※: You will need your own definition of close enough. In general, you can think of the player state as a vector space (where each variable you consider is a dimension) then each state is a point and you can measure distance from point to point. You may consider using locality sensitive hashing on the player state to map similar player states. You may also want to consider to represent variables in a uniform scale (for example, instead of taking at hp = 10, take hp = 20%).
※※: You will need to abstract your actions. You cannot consider attack each enemy as a different action, but you may consider distinguishing attacking the weakest enemy, attacking the stronger enemy, etc... Or you may just have attack. There will be a sweet spot of granularity for your game.
When the AI is playing
The AI agent will take its own "player state", look up for similar recorded player states of the player it has to mimic, select the closest one available... and then use the action dictionary as probability distribution to decide what to do.
For example, if the counter says that the player in that recorded state has attacked 20 times, and has healed 10 times and has run away 10 times, then the AI will add a weight of 20 to attack, 10 to healing and 10 to run away, that will result in the AI selecting between attack with a chance of 50%, healing with a chance of 25% and running away with a chance of 25%.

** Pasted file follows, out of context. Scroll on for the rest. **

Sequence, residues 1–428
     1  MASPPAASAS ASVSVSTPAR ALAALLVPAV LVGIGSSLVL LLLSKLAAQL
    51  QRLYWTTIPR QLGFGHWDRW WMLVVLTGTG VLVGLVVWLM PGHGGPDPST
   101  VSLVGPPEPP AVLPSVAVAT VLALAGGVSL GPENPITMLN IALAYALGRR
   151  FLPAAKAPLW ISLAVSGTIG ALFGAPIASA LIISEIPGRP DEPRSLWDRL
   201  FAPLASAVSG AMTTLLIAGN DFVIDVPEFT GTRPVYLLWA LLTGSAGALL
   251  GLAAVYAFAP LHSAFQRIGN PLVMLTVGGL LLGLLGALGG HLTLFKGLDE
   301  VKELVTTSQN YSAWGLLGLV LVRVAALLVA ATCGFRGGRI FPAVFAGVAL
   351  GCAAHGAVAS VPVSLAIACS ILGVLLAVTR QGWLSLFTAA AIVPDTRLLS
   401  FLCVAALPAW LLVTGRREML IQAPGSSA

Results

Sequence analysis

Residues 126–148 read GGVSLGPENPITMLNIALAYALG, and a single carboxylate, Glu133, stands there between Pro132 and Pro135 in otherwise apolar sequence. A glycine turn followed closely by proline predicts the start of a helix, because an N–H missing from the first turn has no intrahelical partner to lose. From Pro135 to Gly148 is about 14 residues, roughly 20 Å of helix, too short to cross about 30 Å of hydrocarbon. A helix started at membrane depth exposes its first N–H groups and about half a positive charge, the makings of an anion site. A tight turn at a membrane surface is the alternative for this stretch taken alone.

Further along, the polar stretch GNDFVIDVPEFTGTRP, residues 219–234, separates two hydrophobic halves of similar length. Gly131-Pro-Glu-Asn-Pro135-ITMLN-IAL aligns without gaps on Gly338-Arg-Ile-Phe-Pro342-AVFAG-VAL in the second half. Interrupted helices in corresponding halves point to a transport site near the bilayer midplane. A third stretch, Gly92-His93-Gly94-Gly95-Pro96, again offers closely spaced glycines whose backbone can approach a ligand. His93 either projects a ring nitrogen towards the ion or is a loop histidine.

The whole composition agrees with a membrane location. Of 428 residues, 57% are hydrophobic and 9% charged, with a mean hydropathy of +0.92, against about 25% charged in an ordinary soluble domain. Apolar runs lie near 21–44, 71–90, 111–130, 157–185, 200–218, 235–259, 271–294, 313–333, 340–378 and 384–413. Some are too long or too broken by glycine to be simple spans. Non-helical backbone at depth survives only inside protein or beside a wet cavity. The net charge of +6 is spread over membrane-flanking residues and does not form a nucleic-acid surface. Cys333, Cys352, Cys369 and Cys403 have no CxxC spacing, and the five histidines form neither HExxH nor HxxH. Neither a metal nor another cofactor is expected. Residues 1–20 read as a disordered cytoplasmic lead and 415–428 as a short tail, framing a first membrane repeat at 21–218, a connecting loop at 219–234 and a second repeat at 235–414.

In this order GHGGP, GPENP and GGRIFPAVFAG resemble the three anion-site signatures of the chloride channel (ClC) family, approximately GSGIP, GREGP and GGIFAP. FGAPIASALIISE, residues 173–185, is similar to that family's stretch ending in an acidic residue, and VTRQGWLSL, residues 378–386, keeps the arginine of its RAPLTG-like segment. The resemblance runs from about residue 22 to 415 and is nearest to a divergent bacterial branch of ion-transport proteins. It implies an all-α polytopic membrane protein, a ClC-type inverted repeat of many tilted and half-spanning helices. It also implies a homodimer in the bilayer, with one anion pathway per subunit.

You will need to add the counters to get the total (20 + 10 + 10 = 40), use that to get the probabilities (20/40 = 50%, 10/40 = 25%, 10/40 = 25%), then use the accumulate values (50%, 50% + 25% = 75%, 75% + 25% = 100%) of that as stop marks to a uniform random number generators giving you a number from 0 to 1 (which should be available in your language). Depending on what range the result falls ([0, 0.5), [0.5, 0.75), [0.75, 1)) you choose the corresponding action.
Further reading: Darts, Dice, and Coins: Sampling from a Discrete Distribution.
Inspiration from Drivatars
The method I explain above is based on the talk "Drivatar and Machine Learning Racing Skills in the Forza Series" from nuclai15. In which it is explained that the Drivatar (that mimic real players in games of other players) use a frequency map of the tracks, so the AI will know for each part of the tracks where the player has been how often the player passes over there and how fast. The AI also records other actions such as bumping into other cars which helps to reflect aggressive players.